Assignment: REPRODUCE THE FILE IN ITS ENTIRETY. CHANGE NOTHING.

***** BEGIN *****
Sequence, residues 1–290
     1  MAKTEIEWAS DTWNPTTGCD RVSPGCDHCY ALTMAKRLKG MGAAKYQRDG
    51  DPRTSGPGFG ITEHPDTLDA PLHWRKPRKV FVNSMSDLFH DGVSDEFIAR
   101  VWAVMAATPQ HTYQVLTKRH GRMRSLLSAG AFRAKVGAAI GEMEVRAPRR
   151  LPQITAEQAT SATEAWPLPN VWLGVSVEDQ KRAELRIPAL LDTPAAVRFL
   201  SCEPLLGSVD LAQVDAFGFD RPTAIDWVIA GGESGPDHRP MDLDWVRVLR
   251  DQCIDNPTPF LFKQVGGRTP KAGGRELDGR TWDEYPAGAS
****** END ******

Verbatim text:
Sequence, residues 1–290
     1  MAKTEIEWAS DTWNPTTGCD RVSPGCDHCY ALTMAKRLKG MGAAKYQRDG
    51  DPRTSGPGFG ITEHPDTLDA PLHWRKPRKV FVNSMSDLFH DGVSDEFIAR
   101  VWAVMAATPQ HTYQVLTKRH GRMRSLLSAG AFRAKVGAAI GEMEVRAPRR
   151  LPQITAEQAT SATEAWPLPN VWLGVSVEDQ KRAELRIPAL LDTPAAVRFL
   201  SCEPLLGSVD LAQVDAFGFD RPTAIDWVIA GGESGPDHRP MDLDWVRVLR
   251  DQCIDNPTPF LFKQVGGRTP KAGGRELDGR TWDEYPAGAS